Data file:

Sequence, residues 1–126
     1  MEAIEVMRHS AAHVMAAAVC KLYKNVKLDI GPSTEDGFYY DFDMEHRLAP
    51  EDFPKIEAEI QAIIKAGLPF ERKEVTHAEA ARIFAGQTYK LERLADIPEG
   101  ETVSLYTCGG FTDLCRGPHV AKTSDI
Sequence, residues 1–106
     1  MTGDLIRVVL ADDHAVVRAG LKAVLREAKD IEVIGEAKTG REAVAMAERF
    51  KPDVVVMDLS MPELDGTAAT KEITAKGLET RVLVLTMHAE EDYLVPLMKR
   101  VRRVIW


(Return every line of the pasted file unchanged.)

Sequence, residues 1–126
     1  MEAIEVMRHS AAHVMAAAVC KLYKNVKLDI GPSTEDGFYY DFDMEHRLAP
    51  EDFPKIEAEI QAIIKAGLPF ERKEVTHAEA ARIFAGQTYK LERLADIPEG
   101  ETVSLYTCGG FTDLCRGPHV AKTSDI
Sequence, residues 1–106
     1  MTGDLIRVVL ADDHAVVRAG LKAVLREAKD IEVIGEAKTG REAVAMAERF
    51  KPDVVVMDLS MPELDGTAAT KEITAKGLET RVLVLTMHAE EDYLVPLMKR
   101  VRRVIW